Stored Value is inspired by the humble EZ-link cards that we use every day. We are intrigued by how the EZ-link card not only stores money, but also our trips around Singapore. The exhibit explores the transience of a Singaporean identity. It is a snapshot of everyday sounds of Singapore that we pay little attention to because of how ordinary it is, but yet evoke specific encounters and memories that tie us to shared experiences. Would these sounds, like artefacts and architecture, eventually change and become unfamiliar to future Singaporeans? Stored Value is also a reminder that from our individual journeys and daily lives adds up to something larger than ourselves – a collective memory and collaborative creation of Singapore.
Stored Value has gone through several iterations before we arrived at the current version of the concept. The theme for this year’s Singaplural is “Stories – A New Perspective”. Upon reading the prompt, we were interested in creating a surprising, delightful experience for viewers. Since the exhibit is part of the Singapore Design Week, we thought that the work should be familiar to Singaporeans. The initial inspiration for the project came from one of our friends. She posted on Facebook saying that she thought that the EZ-Link card readers at Dhoby Ghaut MRT were playing piano sounds instead of the familiar beeps. We realized that the beeps reinforces a sense of place – that we are travelling within Singapore. We thought it would be quite fascinating if we replaced the familiar sounds of EZ-Link card readers with other sounds. At the same time, we were also thinking of participatory, interactive orchestral experiences where viewers can play combinations of different sounds and help co-create the work. At this point, our ideas seemed to be diverging and we were not sure how we would bring everything together.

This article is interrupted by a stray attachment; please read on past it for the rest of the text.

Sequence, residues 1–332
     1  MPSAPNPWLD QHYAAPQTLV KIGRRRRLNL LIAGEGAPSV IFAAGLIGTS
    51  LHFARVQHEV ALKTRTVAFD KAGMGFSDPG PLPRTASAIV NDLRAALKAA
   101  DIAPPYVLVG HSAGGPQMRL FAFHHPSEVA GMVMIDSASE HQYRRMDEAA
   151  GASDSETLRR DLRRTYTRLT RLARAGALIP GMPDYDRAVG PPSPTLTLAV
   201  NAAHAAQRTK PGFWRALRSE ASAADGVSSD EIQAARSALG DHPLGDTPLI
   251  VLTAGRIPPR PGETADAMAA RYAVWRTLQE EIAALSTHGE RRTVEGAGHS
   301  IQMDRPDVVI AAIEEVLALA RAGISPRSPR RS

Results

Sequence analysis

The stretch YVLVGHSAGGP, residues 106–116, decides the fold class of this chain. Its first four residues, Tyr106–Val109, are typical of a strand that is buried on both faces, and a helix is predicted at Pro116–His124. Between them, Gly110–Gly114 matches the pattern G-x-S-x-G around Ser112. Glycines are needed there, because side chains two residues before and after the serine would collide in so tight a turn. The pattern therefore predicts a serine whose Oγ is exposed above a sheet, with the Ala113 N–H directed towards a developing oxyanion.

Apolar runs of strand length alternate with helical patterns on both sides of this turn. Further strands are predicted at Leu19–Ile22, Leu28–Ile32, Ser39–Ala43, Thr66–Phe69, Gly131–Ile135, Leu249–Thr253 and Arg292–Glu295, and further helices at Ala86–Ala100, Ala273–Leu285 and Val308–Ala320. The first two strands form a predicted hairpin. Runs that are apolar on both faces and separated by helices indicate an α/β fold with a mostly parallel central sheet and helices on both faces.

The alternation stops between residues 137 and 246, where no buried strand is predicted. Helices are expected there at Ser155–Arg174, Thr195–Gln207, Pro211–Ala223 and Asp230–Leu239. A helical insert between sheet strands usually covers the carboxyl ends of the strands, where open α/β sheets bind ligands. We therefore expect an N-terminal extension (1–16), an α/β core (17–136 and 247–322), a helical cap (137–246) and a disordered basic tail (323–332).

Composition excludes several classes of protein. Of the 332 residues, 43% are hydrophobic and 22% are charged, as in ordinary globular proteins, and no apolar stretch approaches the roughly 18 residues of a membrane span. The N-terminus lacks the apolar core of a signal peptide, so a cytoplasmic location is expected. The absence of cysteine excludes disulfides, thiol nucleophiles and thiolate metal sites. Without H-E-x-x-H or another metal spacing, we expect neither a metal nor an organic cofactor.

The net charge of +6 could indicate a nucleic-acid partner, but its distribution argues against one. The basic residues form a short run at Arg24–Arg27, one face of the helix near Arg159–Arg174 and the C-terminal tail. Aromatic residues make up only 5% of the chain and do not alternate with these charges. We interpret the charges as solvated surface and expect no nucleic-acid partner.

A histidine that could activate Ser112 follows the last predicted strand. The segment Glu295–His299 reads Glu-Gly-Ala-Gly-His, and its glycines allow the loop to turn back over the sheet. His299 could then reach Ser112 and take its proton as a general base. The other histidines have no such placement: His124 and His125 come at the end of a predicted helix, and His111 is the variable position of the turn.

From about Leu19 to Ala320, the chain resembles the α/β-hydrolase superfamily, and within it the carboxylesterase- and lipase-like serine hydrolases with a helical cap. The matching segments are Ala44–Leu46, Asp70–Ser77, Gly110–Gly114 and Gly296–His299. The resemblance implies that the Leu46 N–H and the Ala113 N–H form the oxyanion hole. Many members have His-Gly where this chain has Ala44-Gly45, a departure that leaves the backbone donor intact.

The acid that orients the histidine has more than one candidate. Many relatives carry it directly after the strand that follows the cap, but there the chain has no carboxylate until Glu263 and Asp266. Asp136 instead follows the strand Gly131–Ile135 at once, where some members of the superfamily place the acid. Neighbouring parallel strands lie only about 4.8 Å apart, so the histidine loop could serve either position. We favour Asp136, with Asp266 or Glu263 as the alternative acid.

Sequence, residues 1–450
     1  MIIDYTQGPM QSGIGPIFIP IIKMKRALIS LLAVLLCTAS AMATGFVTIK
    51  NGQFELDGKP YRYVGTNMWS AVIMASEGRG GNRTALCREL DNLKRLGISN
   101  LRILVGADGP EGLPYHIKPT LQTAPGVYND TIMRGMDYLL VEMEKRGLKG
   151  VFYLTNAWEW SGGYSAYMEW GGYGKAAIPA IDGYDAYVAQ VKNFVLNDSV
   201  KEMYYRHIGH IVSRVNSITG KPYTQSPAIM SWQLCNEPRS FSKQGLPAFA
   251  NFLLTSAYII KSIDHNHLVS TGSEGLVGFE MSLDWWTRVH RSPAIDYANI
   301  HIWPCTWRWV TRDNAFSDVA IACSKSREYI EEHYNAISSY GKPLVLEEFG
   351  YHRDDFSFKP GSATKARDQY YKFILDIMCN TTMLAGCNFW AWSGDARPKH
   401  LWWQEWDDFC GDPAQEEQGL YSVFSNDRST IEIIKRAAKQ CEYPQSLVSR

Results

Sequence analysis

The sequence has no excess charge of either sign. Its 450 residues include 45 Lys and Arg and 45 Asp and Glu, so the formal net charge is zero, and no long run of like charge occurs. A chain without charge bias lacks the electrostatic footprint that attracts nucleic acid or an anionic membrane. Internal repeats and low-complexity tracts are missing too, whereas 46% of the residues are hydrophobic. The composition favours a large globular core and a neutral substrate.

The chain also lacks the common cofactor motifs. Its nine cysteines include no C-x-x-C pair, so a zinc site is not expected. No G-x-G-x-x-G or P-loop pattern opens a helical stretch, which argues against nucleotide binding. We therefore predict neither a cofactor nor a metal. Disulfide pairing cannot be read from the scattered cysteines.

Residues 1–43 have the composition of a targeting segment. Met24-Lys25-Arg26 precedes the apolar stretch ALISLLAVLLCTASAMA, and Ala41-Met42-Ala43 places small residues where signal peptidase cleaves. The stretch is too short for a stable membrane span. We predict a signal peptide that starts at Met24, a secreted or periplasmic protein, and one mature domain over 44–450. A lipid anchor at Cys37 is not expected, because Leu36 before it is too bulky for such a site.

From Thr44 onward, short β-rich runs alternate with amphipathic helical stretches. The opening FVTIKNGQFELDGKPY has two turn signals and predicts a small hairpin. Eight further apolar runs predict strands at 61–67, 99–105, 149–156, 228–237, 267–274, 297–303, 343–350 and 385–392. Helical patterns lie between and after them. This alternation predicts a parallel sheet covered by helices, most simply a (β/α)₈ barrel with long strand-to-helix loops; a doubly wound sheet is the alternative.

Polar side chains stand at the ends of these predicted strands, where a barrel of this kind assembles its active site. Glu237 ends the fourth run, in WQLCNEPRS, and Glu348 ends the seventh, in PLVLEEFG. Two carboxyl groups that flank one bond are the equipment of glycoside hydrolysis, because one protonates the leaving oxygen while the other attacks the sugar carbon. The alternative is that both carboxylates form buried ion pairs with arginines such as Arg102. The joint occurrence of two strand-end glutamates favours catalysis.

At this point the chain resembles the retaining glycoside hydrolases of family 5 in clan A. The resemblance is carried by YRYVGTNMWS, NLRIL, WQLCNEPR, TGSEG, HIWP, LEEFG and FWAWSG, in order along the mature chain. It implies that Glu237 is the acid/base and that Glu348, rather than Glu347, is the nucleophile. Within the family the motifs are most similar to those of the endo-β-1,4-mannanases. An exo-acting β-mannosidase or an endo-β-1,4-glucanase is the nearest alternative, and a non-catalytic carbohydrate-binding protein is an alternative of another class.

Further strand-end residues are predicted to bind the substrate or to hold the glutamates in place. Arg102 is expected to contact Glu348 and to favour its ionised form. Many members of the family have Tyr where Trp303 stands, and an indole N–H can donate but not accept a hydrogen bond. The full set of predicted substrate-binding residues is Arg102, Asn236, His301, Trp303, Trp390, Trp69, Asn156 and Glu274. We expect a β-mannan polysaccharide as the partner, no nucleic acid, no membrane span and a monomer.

We decided to dig deeper. We realized that EZ-Link cards store not only money, it also keeps a log of places that people have travelled to. At the same time, another friend of ours reminded us about sounds unique to Singapore, things like the koel bird, mrt announcements, singlish spoken at kopitiams. We began to weave together a larger narrative, of individuals going about their daily lives that accumulate into the larger hustle-and-bustle of Singapore. Everyone hears these sounds in their daily journeys, but few actually stop to listen and appreciate their relation to our collective Singaporean identity. By bringing these familiar sounds into an exhibition context, we hope to raise the everyday into consciousness. Together, these threads combine at the intersection of individual journeys, collective identity and an inquiry into the co-creation of a nation. Stored Value merges all of these ideas into a cacophony of sounds that are at the same time familiar and unfortunately, too easily neglected and forgotten.
Stored Value will be shown at Singaplural 2017 between 7–12th March, F1 Pit Building.